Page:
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A Better Partnership
November 24, 2014

COA finds that affidavit was insufficient to void foreclosure of a mortgage where that affidavit was based on legal precedent that was valid at the time of the affidavit, but later overturned

In Trademark Properties v. Federal National Mortgage Association, No. 313296, the Court of Appeals evaluated the ability of a party to undo a foreclosure sale and revive a mortgage.  In 2003, Earl Strickfaden purchased a condo, with the mortgage first held by GMAC Mortgage Corporation (GMAC), and then by Mortgage Electronic Registration Systems, Inc. (MERS). Strickfaden defaulted; MERS foreclosed; Fannie Mae purchased the property at a sheriff’s sale. Then, Manor Homes of Troy Association (MHTA) filed a lien on the property for unpaid association dues. MHTA foreclosed; Trademark Properties (Trademark) purchased the property at a sheriff’s sale. 

During the redemption period following MHTA’s foreclosure, GMAC filed an affidavit to expunge the first sheriff’s sale to Fannie Mae. GMAC argued that the sale was void ab initio and that the MERS mortgage was revived. The trial court agreed, referring to Residential Funding Co. v. Saurman, 807 N.W.2d 412 (Mich. Ct. App. 2011). In Saurman, a party had attempted to foreclose on a property by advertisement, but the Michigan Court of Appeals held that the party could not foreclose because it was merely a mortgagee, and not a noteholder. As such, party had no “interest in the indebtedness secured by the mortgage” under the foreclosure by advertisement requirements in MCL 600.3204(1)(d). Such foreclosure proceedings in Saurman were, therefore, void ab initio.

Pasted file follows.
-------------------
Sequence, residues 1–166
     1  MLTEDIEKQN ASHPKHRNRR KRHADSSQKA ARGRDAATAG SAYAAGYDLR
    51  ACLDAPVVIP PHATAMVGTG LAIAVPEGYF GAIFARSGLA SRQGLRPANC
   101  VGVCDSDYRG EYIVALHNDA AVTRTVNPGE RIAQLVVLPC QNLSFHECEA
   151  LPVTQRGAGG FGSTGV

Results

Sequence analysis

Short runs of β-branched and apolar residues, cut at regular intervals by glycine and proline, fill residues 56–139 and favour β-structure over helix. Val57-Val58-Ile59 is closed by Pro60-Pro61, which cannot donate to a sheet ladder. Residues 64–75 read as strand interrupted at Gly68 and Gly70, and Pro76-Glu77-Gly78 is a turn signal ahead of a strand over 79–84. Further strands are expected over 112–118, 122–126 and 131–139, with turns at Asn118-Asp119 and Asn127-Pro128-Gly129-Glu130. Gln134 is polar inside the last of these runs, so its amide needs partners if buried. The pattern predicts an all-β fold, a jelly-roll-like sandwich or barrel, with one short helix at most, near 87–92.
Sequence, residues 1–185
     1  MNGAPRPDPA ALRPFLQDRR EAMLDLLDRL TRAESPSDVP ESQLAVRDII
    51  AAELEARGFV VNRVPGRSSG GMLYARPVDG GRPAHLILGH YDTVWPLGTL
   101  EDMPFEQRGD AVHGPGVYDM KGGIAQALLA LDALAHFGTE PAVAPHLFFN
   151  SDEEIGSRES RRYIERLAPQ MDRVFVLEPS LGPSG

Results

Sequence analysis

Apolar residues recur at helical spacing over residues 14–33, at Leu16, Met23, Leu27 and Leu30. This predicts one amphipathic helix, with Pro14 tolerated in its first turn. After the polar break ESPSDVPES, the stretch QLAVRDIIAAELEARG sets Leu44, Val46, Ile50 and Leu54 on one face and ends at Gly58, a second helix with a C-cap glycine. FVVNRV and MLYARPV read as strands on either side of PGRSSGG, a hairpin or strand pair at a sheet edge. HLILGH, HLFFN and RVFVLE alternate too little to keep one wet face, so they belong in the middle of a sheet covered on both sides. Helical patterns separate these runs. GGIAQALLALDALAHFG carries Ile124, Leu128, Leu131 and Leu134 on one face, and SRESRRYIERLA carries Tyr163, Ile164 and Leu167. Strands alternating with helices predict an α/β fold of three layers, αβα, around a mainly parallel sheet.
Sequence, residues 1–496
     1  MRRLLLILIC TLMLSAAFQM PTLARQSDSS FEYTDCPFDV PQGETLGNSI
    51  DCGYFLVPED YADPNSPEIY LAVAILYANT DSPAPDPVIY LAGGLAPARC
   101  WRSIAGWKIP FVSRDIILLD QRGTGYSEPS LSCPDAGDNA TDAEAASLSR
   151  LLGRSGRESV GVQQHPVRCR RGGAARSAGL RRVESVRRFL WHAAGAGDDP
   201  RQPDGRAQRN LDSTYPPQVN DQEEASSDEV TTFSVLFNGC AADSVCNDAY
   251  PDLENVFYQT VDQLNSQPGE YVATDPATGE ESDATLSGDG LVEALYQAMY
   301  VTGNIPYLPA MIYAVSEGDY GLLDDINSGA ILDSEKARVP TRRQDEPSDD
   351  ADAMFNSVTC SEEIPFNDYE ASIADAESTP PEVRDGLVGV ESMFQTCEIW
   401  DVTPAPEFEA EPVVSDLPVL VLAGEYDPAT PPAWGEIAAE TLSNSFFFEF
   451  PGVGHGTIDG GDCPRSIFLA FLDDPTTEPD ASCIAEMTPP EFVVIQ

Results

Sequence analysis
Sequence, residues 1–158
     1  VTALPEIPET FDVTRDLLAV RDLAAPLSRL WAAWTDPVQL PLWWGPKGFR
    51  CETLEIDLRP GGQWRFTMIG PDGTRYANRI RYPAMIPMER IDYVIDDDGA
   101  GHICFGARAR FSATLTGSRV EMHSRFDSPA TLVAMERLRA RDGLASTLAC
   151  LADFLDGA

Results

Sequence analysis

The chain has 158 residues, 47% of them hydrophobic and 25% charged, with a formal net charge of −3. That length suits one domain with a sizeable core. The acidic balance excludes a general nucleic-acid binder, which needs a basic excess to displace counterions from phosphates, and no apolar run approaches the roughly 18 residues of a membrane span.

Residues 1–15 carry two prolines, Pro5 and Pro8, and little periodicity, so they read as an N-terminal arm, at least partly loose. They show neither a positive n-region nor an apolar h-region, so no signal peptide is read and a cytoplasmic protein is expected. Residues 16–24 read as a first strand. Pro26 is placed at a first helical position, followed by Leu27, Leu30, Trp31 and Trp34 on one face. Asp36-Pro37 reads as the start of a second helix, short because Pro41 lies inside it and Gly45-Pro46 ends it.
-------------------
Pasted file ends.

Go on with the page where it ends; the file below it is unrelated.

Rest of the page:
At the time GMAC filed its affidavit, Saurman was still controlling authority, and because MERS was a also a mortgagee, the precedent would have applied.  The Michigan Supreme Court, however, reversed Saurman and held that a security lienholder has the requisite interest in the indebtedness on a property to foreclose by advertisement. Residential Funding Co. v. Saurman, 805 N.W.2d 183 (Mich. 2011).  Thus, the Court of Appeals held the position that the MERS mortgage was revived was no longer sustainable and concluded that even though affidavit had been filed while Saurman was still effective, the affidavit itself had no effect on the validity of the MERS foreclosure sale.
 

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